"Musicians from Marlboro, the touring ensemble from the Vermont chamber music gathering, are regular visitors to the Isabella Stewart Gardner Museum, each concert bearing a few glimpses into the storied summer festival’s approach to its craft. Sometimes, though, the group offers something more. That was the case Sunday, when its latest iteration included Nicholas Phan, a tenor who, in a short time, has become one of the world’s most remarkable singers.

The reasons for his success were apparent during an incisive performance of “On Wenlock Edge,” Vaughan Williams’s song cycle for tenor, piano, and string quartet...One could admire, in Phan’s performance, the variety of shadings in his voice, the naturalness of his phrasing, and the evenness of his vocal range. But that was all secondary to the sheer intensity with which he inflected every word. It was there in the fragile, whispered opening of “From far, from eve and morning” and in the torrent of anguish in “Is my team ploughing” and “Bredon Hill.” Even when the mood lightened, there was no moment where you did not feel the sheer force of Phan’s projection.

He was, in an odd way, almost as impressive in a selection of five of Beethoven’s settings of Irish folk songs for voice and piano trio. These are not Beethoven’s most distinguished creations, and the rather banal texts suffer in comparison to Housman’s. But there was no less depth in Phan’s artistic investment, and he made the stories these songs told compelling and poignant..."


"...Their intensity rose with the arrival of tenor Nicholas Phan. He and pianist Lydia Brown joined the strings for Vaughan Williams’ On Wenlock Edge, and this combination found meaning in the words of the song cycle: Brown’s gusts of wind in the first song, the recurring bells of the fifth. Each song was granted its own atmosphere.

Phan’s voice -- here as well as in five movements from Beethoven’s Irische Lieder -- is a thing of wonderHe has a warm, centered basic sound that he shades in smart ways to sharpen meanings. He toggled back and forth between a warm vibrato and a timbre a good deal more bald but still beautiful. To Beethoven, he brought a slightly less formal sound..."


"Every year Musicians from Marlboro, the touring branch of the esteemed summer festival in Vermont, shows off its goods at Boston’s Gardner Museum. This time around brought a special treat: two works by Beethoven and Vaughan Williams that featured the extraordinary young tenor, Nicholas Phan.

I first heard Phan several years ago on the Debut Series in The Boston Celebrity Series, then as Papageno in Mozart’s Magic Flute with Boston Baroque. I have several of his CDs, and I have been repeatedly awed and transported by his voice, stage presence, and charisma. 'Gods and Monsters', his latest CD, was released a few weeks ago. Phan is on the way to becoming a national treasure...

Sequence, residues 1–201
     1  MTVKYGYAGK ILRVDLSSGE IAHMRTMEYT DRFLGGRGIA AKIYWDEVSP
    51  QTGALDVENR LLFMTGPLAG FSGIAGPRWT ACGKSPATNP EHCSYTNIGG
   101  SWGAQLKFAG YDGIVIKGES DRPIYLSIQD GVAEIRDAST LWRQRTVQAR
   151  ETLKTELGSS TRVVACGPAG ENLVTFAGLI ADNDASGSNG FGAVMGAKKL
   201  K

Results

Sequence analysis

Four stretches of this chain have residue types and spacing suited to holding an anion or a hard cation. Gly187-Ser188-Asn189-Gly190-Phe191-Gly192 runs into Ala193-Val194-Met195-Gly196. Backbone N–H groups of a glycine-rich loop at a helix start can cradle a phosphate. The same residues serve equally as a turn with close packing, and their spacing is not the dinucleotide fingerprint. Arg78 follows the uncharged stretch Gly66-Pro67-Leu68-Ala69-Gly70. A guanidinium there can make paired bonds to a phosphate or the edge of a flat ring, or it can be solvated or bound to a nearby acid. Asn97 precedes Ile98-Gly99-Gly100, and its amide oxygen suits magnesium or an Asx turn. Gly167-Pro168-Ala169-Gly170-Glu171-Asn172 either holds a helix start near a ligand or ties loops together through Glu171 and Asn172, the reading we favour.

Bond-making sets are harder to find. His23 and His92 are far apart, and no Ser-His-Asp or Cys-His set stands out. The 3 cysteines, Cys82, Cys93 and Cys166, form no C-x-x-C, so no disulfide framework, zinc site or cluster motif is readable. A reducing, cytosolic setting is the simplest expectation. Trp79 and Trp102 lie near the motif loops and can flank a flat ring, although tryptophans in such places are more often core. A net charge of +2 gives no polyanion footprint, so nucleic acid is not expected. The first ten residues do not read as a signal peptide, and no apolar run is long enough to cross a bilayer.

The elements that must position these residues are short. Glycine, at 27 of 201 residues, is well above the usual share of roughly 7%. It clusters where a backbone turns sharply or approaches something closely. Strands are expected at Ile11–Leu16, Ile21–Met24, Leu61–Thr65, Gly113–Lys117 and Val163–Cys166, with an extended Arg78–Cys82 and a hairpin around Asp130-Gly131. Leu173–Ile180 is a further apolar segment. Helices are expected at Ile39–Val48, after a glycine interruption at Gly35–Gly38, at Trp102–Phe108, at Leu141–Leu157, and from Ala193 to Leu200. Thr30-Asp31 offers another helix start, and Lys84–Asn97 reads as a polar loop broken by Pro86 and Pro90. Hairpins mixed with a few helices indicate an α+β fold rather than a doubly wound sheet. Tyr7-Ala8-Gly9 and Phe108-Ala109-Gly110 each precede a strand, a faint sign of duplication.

For the five Beethoven folksongs, ”Irish Lieder,” Ross and cellist Yoo were joined by the distinguished pianist Lydia Brown....A spellbinding storyteller, Phan sang these songs wonderfully, with lots of personality and a voice one could listen to all day. The beautiful diction, perfect pitch, expressiveness, and grace that he exhibited here were on display again in his rendition of Ralph Vaughan William’s song cycle 'On Wenlock’s Edge.'... I have several recordings of this memorable cycle; none of these performances are as captivating as Phan’s was on Sunday. Lydia Brown played the often harp-like piano part extremely well.  This performance will surely be among the finest I’ll hear in the year to come..."


"...Giving these simple songs dramatic significance was man of the hour the tenor Nicholas Phan....The love stories and soldiers’ tales came to us as though from a virile belletrist. Phan’s vocal resources spanned the divide between the drawing room and the theater in indrawing manner. Whether declamatory or intimate, whether as swain or dying soldier, he appealed to our better angels, makingof these modest songs great art. His partners Roos and Yoo and pianist Lydia Brown (warm of voice and lapidary of phrase) were onboard with every nuance.

The journey continued from Ireland to England via Vaughan Williams On Wenlock Edge, a deeply moving setting of poems from Housman’s 'A Shropshire Lad.' The ensemble of string quartet and piano gave an orchestral support that permitted Phan operatic heft at times. Indeed, he was never Pearish or preciously pastoral, as are some in this role. Rather he embodied the machismo of the regretfully nostalgic vagabond in Vaughan Williams’s five-years-earlier Songs of Travel(from R.L. Stevenson). Moments to treasure included Phan’s masterful diminuendo on “…the winds’ twelve quarters”, in the second song, and the shimmering, characterful overture to the fifth song, which evokes larks and steeples. The extended postlude banished all sense of time and place..."